The seven were imprisoned after a secret trial in which no evidence was produced to justify the absurd charges against them. The General Assembly of the United Nations has repeatedly condemned the persecution in Iran of members of the Baha’i Faith, that country’s biggest non-Muslim religious minority.
Australian Foreign Minister Julie Bishop sent a message to the event in which she repeated her call for the release of the leaders, who have now served nine years of a 10 year sentence. [For the text of the message, see below]
Mr Stokes said Australians should send a strong message to the Iranian government about its attack on the human rights of the leaders.
He said it was his great honour to host in his electorate one of the jewels of architecture in Australia, the Baha’i temple.
“It is through that association that I have had the opportunity to meet many Baha’is, and I can attest to the wonderful, loving, peaceful, thoughtful and genuinely other-person centred people I have met.
“I have a sense of personal outrage that any government could persecute such people.”
Professor Moens said there is a plethora of international human rights documents that protect the right to freely exercise one’s religion in public and private.
The treatment of the seven Baha’i leaders is “an affront to human dignity” which is contrary to international human standards protecting religious belief and religious practice, Professor Moens said.
“The seven Baha’i leaders should be released immediately and all discrimination against Baha’i people should be discontinued. I hereby call upon the Iranian government to release the seven Baha’i leaders, immediately.”
In his remarks, Professor Quinlan asked those attending from diverse religious traditions to pray for the immediate release of the leaders. He said people of all religions share the desire to “live peaceful and quiet lives with all devotion and propriety”.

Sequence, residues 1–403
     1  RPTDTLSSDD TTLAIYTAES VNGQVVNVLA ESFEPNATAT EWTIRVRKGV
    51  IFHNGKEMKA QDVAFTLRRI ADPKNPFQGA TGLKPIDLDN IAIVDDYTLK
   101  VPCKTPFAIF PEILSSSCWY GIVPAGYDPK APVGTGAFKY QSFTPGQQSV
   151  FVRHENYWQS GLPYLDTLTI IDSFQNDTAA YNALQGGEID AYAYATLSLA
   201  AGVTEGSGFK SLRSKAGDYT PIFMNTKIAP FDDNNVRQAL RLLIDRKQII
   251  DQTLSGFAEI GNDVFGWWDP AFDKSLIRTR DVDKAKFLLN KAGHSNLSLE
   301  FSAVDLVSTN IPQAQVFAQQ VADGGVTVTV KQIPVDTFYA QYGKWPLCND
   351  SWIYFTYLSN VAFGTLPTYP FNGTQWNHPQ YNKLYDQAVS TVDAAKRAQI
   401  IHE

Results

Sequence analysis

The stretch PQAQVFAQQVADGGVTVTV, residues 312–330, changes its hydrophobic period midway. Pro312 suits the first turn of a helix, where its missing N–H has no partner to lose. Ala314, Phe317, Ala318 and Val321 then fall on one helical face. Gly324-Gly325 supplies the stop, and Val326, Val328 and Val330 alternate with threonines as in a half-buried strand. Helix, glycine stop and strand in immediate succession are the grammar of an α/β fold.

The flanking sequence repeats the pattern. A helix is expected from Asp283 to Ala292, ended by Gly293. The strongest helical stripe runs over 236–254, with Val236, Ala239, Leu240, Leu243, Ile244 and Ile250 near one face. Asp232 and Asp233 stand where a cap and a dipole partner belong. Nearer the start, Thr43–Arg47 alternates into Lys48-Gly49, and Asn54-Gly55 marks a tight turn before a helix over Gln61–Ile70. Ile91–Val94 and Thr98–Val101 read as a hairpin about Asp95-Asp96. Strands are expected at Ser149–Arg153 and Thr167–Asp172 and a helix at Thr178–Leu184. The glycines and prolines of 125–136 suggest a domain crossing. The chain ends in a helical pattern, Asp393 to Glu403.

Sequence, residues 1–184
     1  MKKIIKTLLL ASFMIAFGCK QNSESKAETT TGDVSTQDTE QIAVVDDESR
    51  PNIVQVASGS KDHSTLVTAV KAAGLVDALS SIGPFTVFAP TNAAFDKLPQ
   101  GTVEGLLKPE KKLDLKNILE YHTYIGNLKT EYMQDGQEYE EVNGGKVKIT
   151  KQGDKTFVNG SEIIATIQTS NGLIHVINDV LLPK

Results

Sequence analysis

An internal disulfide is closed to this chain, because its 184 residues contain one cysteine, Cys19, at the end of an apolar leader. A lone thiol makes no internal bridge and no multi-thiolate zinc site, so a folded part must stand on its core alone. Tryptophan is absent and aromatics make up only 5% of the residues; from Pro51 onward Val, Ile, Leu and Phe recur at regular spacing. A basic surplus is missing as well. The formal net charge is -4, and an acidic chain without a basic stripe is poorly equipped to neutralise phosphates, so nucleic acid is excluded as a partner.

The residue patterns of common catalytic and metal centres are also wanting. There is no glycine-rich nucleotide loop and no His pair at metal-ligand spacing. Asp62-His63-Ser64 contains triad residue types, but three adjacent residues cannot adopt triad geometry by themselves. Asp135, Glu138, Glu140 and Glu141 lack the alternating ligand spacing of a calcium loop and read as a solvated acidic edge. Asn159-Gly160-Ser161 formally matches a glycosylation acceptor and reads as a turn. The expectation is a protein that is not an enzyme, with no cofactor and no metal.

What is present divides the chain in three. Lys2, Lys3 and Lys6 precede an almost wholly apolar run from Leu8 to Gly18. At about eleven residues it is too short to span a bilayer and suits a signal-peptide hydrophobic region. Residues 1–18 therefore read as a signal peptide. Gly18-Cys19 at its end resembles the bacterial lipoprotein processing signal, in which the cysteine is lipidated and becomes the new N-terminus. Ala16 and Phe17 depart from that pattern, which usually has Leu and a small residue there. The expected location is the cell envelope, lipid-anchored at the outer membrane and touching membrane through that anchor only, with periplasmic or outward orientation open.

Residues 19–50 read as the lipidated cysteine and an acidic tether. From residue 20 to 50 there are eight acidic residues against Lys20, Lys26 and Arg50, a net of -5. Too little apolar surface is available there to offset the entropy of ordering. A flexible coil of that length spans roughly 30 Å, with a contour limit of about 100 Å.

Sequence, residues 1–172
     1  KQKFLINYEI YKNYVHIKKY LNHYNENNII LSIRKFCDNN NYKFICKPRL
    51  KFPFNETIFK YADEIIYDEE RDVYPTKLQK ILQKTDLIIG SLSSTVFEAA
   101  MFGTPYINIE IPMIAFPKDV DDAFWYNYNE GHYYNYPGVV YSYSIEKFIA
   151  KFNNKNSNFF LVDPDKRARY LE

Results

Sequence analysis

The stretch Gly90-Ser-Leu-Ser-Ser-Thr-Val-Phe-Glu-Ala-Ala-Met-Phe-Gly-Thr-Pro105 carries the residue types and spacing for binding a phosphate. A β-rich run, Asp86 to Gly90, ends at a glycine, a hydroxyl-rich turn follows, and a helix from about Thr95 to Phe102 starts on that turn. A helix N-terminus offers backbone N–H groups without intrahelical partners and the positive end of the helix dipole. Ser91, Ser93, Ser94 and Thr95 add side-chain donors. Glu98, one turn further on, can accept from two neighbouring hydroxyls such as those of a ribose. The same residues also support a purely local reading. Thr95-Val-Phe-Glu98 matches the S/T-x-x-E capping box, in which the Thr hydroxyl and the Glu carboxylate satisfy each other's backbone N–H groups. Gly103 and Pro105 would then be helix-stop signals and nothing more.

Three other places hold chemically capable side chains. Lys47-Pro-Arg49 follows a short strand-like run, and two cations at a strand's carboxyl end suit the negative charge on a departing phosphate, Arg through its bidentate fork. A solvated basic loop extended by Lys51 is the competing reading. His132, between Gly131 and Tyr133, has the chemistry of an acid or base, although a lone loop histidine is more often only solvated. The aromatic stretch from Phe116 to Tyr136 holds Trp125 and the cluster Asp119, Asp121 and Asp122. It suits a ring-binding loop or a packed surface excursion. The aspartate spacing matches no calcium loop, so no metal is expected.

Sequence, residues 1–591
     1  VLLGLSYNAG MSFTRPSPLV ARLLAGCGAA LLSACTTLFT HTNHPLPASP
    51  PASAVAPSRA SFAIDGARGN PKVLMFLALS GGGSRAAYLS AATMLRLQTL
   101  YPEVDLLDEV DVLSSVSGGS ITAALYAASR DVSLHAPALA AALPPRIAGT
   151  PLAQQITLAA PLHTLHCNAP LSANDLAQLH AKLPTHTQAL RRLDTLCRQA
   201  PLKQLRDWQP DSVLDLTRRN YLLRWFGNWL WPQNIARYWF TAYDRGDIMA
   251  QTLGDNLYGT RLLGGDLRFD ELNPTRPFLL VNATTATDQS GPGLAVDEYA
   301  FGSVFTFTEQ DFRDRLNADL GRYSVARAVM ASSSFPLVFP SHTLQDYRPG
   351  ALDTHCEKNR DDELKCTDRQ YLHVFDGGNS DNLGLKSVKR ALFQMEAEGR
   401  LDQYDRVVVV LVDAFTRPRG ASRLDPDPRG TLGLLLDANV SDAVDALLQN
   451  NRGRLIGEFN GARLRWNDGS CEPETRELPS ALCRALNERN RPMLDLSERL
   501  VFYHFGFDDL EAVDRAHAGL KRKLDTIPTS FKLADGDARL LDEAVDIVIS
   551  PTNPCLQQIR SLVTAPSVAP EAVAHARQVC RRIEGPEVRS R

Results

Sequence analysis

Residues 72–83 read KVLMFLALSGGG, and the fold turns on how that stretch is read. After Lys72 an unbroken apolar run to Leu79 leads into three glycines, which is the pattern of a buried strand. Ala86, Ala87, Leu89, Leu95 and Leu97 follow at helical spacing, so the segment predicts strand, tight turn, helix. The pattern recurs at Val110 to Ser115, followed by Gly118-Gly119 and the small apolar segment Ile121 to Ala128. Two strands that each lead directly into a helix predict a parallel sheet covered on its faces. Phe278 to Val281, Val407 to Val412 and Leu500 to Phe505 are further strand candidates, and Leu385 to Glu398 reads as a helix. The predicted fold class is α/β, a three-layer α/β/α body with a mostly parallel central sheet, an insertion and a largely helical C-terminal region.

Also addressing the meeting was Negar Sabet, the daughter of one of the seven leaders, Mahvash Sabet, whose poems were smuggled out of prison and appear in the 2013 book, Prison Poems.
Now a university student in Australia, Ms Sabet recalled the stress of bringing the poems out from the prison.
“When her first book got published, we laughed and cried,” she said.
“She has suffered all these years but never kept silent. She has adopted her own poetic way of showing constructive resilience and remarkable strength, a way she has expressed herself, her faith and belief.”
Joining her at the podium was Vargha Bolodo-Taefi, the son of Fariba Kamalabadi, another of the imprisoned leaders who shares a cell with Mrs Sabet.
“I consider my mum’s cell a cell of glory,” said Mr Taefi, who now lives in Australia with his wife and baby son.
“Why has the Iranian government subjected a group of its most faithful, obedient, capable and innocent citizens to unwarranted scorn and unjustified repression?” Mr Taefi asked.
“The reason is our belief in the oneness of humankind, independent investigation of truth, equality of women and men, harmony of science and religion and other principles.”
Australian Foreign Minister, the Hon. Julie Bishop MP: 2017 Message to the Australian Baha’i Community
I am saddened to note the ninth anniversary of imprisonment for seven leaders of the Baha’i community in Iran. Australia remains deeply concerned by the human rights situation in Iran and ongoing reports of persecution of minority and ethnic communities, including Baha’is.
“We continue to call for the release of the seven imprisoned Baha’i leaders: Afif Naeimi, Behrouz Tavakkoli, Fariba Kamalabadi, Jamaloddin Khanjani, Mahvash Sabet, Saeid Rezaie, and Vahid Tizfahm. We also call for the release of all prisoners of conscience in Iran.
Australia continues to express our concerns over human rights directly with the Iranian government and in relevant UN fora.
During the 34th regular session of the Human Rights Council in March 2017, Australia issued a statement on the human rights situation in Iran, which, among other areas of concern, highlighted the widespread mistreatment of religious minorities, including Baha’is. At this same Human Rights Council session, Australia also co-sponsored a resolution that extended the mandate of the Special Rapporteur on the human rights situation in Iran.
In November 2016 Australia co-sponsored the UN General Assembly Third Committee Resolution on the human rights situation in Iran. This Resolution expressed serious concern, amongst other things, about incitement to hatred that leads to violence against Baha’is.
Australia will continue to follow closely the human rights situation in Iran and raise our concerns in both bilateral and multilateral fora. It is the firm belief of the Australian Government that freedom of religion and belief is a core human right, and that this freedom must be respected in all countries.